What’s happening in the world of horror movies this month…
The very latest from the world of horror.
Remake- arama blunders on, with Halloween next in the crosshairs, while Poltergeist gets a trailer and It promises viciousness. As ever, it’s indie weirdness that I’m more excited about – daring dogs, haunted hipsters and a particular grumpy sasquatch… Then later there’s something “tense and ugly and dark” on its way. Enjoy!
Wishing on a silver shamrock
While Eli Roth is busy overseeing a “re- staging ” of Cabin Fever, the latest euphemistically packaged “we promise it’s not a remake, honest” comes from Marcus Dunstan and Patrick Melton who have apparently been hired to write a “re- calibration” of Halloween. Imagine my eyes rolling like Regan in the un- remade Exorcist. It’s not that I hate remakes ( or retools, reboots, reimaginings etc) but because Halloween is not the right film to be overhauled by the torture porn specialists who wrote Saws 4, 5, 6 and 7 for a generation who they perhaps assume can’t cope with anything not in 4D HD or shot on an iPhone. Halloween is a classic which arguably doesn’t quite work post- mobile phone or more specifically post- Scream, which dissected the stalk and slasher and its suburban puritan morality to the point of neutering it. Dunstan and Melton aren’t talentless, it should be noted – they wrote ( and Dunstan directed) the tricksy and audacious Collector movies. But re- whatevering Michael Myers isn’t right. Remake Halloween 3: Season Of The Witch, a Myers- free fairytale about an evil corporation preying on vulnerable youth and I might be interested…
Meanwhile, the reformification of Poltergeist finally has a trailer and actually it looks quite good. Blending key beats of the original with a bit of J- horror creepiness, Paranormal Activity shocks and a good cast ( Sam Rockwell, Rosemarie DeWitt, Jared Harris), if anything it feels a little slavish. It’s directed by Gil Keenan, who made the so- so fantasy City Of Ember, so I’m not expecting bravura direction, though Sam Raimi is producing, which could up the scare factor. I predict big box office returns and would like to be the first to suggest Human Centipede 2’ s Laurence Harvey for a cross- franchise appearance in Poltergeist 2 as sicko psycho preacher Kane. Oh and the re- transmogrification of Stephen King’s It is going to be “very scary” according to producer Seth Grahame- Smith, who told Entertainment Weekly, “I think that if anything, [ the new film] will bring back some of the viciousness of the book”. Meanwhile the re- monetisation of the film I said I wouldn’t talk about with a day of the week and an unlucky number in the title has been pushed back to 2016. Hear no evil, speak no evil, see no evil, as they say.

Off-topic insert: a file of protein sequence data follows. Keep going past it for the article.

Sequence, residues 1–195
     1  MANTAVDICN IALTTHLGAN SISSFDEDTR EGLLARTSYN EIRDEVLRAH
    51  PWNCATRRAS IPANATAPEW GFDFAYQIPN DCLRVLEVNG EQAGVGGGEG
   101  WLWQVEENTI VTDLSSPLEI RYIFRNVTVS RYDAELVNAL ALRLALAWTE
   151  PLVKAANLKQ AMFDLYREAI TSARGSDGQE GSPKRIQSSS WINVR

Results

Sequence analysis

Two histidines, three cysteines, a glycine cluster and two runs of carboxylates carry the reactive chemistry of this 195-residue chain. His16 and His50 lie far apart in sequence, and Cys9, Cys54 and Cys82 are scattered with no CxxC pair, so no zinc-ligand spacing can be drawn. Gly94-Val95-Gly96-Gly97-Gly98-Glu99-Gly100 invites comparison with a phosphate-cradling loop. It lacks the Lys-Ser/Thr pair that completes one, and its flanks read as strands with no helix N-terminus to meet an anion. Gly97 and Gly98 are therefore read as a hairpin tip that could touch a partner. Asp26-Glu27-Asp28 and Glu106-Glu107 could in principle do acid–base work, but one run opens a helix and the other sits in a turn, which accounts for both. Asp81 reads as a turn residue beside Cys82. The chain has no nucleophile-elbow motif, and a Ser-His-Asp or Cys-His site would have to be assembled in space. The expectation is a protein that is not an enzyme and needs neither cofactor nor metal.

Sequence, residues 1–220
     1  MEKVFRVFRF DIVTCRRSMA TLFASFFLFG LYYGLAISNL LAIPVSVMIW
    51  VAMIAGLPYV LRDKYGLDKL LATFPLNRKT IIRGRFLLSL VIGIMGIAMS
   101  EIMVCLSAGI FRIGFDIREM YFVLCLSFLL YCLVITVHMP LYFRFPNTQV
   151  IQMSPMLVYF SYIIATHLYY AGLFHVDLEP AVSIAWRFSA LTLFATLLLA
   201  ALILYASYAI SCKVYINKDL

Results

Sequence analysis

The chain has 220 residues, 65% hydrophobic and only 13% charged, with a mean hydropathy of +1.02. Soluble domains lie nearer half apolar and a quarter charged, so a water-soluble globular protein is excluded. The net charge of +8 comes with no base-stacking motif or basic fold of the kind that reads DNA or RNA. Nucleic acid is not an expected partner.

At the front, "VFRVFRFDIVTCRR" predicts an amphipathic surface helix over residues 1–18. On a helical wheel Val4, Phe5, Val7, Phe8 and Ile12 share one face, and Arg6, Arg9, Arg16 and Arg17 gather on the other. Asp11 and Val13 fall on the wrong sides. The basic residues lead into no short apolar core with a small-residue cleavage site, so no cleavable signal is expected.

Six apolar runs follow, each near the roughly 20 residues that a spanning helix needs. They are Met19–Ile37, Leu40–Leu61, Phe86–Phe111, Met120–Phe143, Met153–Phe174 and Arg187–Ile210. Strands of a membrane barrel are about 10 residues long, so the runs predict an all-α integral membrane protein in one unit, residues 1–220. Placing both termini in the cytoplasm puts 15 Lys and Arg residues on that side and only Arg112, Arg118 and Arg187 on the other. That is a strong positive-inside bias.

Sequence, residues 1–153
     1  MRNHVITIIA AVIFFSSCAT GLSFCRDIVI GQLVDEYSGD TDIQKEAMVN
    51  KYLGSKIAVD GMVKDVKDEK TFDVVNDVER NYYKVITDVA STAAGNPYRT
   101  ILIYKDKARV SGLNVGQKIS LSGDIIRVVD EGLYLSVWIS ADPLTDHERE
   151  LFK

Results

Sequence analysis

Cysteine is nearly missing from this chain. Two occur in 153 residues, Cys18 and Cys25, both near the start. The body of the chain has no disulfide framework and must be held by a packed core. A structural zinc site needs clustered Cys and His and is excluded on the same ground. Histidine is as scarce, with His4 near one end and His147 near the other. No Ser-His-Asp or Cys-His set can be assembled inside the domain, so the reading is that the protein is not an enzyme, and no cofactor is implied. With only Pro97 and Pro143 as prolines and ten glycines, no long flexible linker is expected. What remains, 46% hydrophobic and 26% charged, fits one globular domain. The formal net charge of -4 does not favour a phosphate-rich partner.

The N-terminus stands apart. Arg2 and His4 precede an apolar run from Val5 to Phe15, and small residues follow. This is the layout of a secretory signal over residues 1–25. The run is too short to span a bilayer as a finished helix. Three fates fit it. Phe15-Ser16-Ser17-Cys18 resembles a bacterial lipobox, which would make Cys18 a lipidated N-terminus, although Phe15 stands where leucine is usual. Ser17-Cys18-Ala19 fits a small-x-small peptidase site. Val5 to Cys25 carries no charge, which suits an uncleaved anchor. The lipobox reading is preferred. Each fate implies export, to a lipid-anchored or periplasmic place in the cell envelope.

Dog gone mad
The best horror revenge movie I’ve seen recently stars 280 dogs. Odd Hungarian genre mashup White God is a mix of The Incredible Journey, Rise Of The Planet Of The Apes and Death Wish, and it’s pretty brilliant. With a title referencing a bigger piece of social commentary – the illtreated mongrel dogs representing every repressed minority group, it’s moving, violent, scary and important, as an errant father throws his distant daughter’s beloved hound out to fend for itself
against police, pounds and cruel illegal dog fight organisers until it leads a troop of mistreated mutts in a revolution. Shocking, beautiful and ripe for a US re- inventification if only they could afford the salaries of all those over- pampered Hollywood pups.
Big- foota ge
More beastly revenge in Exists ( out 6 April) from
Blair Witch Project co- creator Eduardo Sanchez – a foundfootage Bigfoot movie that suffers from not being as good as Bobcat Goldthwaite’s recent Willow Creek, as a bunch of annoying teens kick about a forest holding cameras. It’s not terrible but the sasquatch is never more than a bloke in a Wookiee suit and you can’t care about any of the characters. More interesting is Suburban Gothic from director Richard Bates Jr, who made the gorgeously disgusting psycho- sexual horror
Excision. Starring Two Broke Girls’ Kat Dennings and Life After Beth’s Matthew Grey Gublar, it’s whipsmart and hipster cool. Gublar is a city boy with paranormal abilities who has to return to his small home town when he can’t find a job and ends up battling a vengeful ghost. There are some amazing setpieces ( ripped toenails playing a piano score, eye in a plug hole), sharp dialogue and cool FX, though it’s skirting a fine line between adorable and annoying. Still, give Bates Jr a decent script and a kick- ass producer and he could be the next big thing.
Finally something to freak out about. The Witch screened at Sundance this January to terrified rapture, winning it a directors’ award for first- time helmer Robert Eggers. It’s set in 17th century New England and features a Puritan family whose baby son is snatched by a crone, sparking paranoia and hysteria. “You know, there’s being ‘ scared’ and there’s actually experiencing horror. I was trying to do both,” Eggers said. “We have a handful of jump scares and I think the audience appreciates that, especially because the film is really tense and ugly and dark and full of despair.” Sounds perfectly wonderful.
Bigfoot Exists! And here’s the proof.
Mayhem in White God – and no, we haven’t gone word blind.